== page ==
As reported here and here, California recently enacted new legislation – Assembly Bill 5 – that expanded the scope of an “employee” under state law.  Beginning January 1, 2020, the answer to whether a person providing services in California is an independent contractor (as opposed to an employee) under the California Labor Code, the Industrial Welfare Commission (“IWC”) Wage Orders, and the California Unemployment Insurance Code, will generally depend on whether they satisfy all three prongs of the so-called ABC Test:

  1. The worker must be free from the control and direction of the hirer in connection with the performance of the work.
  2. The worker must perform work outside the “usual course” of the hirer’s business.
  3. The worker must be customarily engaged in an independent established trade, occupation, or business of the same nature as the work performed.

There are a myriad of occupational and industry exemptions to the application of the ABC Test, many of which are highlighted here.

Having tightened independent contractor classification standards, the next big target for the state legislature may be joint employer liability.


Continue Reading Back to the Joint Employer: Having Changed the Classification Test for Independent Contractors, Will the California Legislature Target the Joint Employer Test Next?

To close out the 2019 legislative season, Governor Gavin Newsom signed dozens of bills into law, which will have lasting impacts for California employers. In addition to the summaries and clarifications from prior blog posts, below is an overview of key new employment laws.
Continue Reading 2020 Vision: California’s New Employment Laws

On September 5, 2019, the Washington Supreme Court issued a huge win for all non-agricultural employers who pay commission or piece-rate pay to their employees in Washington state. In a 6-3 decision, the Washington Supreme Court held in Sampson v. Knight Transportation (No. 96264-2) that a non-agricultural piece-rate employer complies with the Washington Minimum Wage Act when an employee’s total earnings in given workweek divided by the employee’s total hours worked in the same workweek exceeds the applicable minimum wage rate. While this conclusion may seem obvious, the Washington Supreme Court in 2018 rejected the same workweek averaging method for agricultural workers. Carranza v. Dovex Fruit Co., 190 Wn. 2d 612 (2018) held that the Washington Minimum Wage Act (“MWA”) requires agricultural workers earning piece-rate pay to be separately compensated on an hourly basis for all “activities outside of piece-rate [] work.” The question in Sampson was whether the holding in Carranza should be extended to non-agricultural piece-rate employers. Relying on a regulation promulgated over 40 years ago by the Washington Department of Labor & Industries (“DLI”), the Washington Supreme Court held that Carranza’s separate compensation rule is confined to the narrow context of agricultural employment.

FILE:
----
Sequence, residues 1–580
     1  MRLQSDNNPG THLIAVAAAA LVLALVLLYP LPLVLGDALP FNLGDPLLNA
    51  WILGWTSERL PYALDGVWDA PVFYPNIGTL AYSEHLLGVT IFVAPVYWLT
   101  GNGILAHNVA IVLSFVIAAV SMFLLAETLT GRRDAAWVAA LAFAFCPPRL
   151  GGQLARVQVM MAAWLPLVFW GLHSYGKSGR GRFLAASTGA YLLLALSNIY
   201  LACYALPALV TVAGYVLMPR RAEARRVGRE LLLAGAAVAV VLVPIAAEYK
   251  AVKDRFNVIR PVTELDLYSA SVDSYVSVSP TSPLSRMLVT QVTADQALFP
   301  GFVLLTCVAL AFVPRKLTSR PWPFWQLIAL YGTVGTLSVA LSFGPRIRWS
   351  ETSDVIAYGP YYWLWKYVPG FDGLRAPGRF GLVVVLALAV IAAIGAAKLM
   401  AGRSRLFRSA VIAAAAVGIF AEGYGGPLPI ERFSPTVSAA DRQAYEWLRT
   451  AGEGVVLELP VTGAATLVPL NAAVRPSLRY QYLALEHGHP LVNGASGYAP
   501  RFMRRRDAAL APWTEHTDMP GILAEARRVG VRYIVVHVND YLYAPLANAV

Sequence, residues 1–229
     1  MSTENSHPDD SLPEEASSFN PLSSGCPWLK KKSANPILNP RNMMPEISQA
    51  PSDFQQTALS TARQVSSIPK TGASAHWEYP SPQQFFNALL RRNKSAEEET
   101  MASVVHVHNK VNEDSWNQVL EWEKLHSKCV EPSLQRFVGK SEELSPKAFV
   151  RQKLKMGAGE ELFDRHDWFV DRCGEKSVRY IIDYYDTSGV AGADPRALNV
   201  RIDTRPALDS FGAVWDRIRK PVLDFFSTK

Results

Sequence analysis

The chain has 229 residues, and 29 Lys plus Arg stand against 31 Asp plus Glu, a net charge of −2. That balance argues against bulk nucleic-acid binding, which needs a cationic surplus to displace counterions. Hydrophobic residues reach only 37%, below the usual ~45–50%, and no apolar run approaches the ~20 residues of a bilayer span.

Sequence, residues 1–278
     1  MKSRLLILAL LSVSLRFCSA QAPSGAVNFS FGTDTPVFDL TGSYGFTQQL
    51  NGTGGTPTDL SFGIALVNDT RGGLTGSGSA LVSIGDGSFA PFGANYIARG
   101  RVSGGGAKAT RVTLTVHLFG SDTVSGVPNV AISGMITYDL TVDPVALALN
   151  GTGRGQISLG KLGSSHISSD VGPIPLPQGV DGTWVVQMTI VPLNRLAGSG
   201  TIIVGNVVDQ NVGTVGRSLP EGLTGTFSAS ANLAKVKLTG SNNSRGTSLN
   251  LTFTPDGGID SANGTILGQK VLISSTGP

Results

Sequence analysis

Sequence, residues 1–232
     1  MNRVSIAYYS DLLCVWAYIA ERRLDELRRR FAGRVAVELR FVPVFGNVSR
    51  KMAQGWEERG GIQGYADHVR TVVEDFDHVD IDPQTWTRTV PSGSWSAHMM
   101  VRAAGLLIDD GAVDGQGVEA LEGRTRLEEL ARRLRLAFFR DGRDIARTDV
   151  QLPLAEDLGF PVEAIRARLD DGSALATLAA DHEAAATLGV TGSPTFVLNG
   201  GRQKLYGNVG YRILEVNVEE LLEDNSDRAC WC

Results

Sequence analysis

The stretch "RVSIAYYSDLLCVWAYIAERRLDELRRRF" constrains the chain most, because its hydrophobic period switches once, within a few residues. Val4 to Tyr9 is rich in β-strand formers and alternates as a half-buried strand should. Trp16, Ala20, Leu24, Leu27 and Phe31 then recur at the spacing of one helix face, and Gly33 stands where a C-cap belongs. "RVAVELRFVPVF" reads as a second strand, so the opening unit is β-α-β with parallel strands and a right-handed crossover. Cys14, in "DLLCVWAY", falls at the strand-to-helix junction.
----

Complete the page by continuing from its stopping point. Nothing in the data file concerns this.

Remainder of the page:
Continue Reading Peace for Piece-Rate Employers in Washington

Many California employees received a raise on January 1, 2019 when the state increased the minimum wage to $12 per hour for large employers (26 employees or more) and $11 per hour for small employers (25 employees or fewer). Effective July 1, 2019, several counties and municipalities in California are adding to these minimum wage increases. The amount of the increase varies by city and county, and some local governments make a distinction between large and small employers. Hotel workers in places like Long Beach, the County and City of Los Angeles, and Oakland are entitled to wages significantly higher than the minimum wage for other types of employees. The following chart summarizes these changes.
Continue Reading July 1, 2019 Minimum Wage Increases in California Counties and Municipalities

Last week, the California State Supreme Court struck a decisive victory in favor of payroll companies, issuing a unanimous opinion that an employee is not a third-party beneficiary of the contract between her employer and its payroll service provider. The court held that an employee-plaintiff has no standing to sue her employer’s payroll company for an alleged failure to pay wages under California’s employee-friendly labor laws.
Continue Reading California Supreme Court Announces a Win for Payroll Outsourcing Industry

On February 4, 2019, New Jersey Governor Phil Murphy signed into law legislation, available here, which gradually raises the minimum wage in New Jersey to $15 per hour by the year 2024 for many workers in New Jersey. Under this law, for employers with more than six employees, the current New Jersey statewide minimum wage of $8.85 will incrementally rise to $15 per hour as follows: